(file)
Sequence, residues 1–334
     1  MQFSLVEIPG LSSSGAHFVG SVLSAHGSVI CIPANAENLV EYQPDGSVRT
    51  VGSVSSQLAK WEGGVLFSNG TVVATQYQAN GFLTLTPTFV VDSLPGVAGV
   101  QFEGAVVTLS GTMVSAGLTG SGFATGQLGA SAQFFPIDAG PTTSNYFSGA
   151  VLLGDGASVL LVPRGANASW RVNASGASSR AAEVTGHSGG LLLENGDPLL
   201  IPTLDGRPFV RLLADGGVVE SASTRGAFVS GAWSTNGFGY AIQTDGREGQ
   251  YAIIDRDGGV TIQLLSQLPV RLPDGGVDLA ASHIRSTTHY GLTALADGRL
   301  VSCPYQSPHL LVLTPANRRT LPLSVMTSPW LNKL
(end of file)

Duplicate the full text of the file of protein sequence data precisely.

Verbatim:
Sequence, residues 1–334
     1  MQFSLVEIPG LSSSGAHFVG SVLSAHGSVI CIPANAENLV EYQPDGSVRT
    51  VGSVSSQLAK WEGGVLFSNG TVVATQYQAN GFLTLTPTFV VDSLPGVAGV
   101  QFEGAVVTLS GTMVSAGLTG SGFATGQLGA SAQFFPIDAG PTTSNYFSGA
   151  VLLGDGASVL LVPRGANASW RVNASGASSR AAEVTGHSGG LLLENGDPLL
   201  IPTLDGRPFV RLLADGGVVE SASTRGAFVS GAWSTNGFGY AIQTDGREGQ
   251  YAIIDRDGGV TIQLLSQLPV RLPDGGVDLA ASHIRSTTHY GLTALADGRL
   301  VSCPYQSPHL LVLTPANRRT LPLSVMTSPW LNKL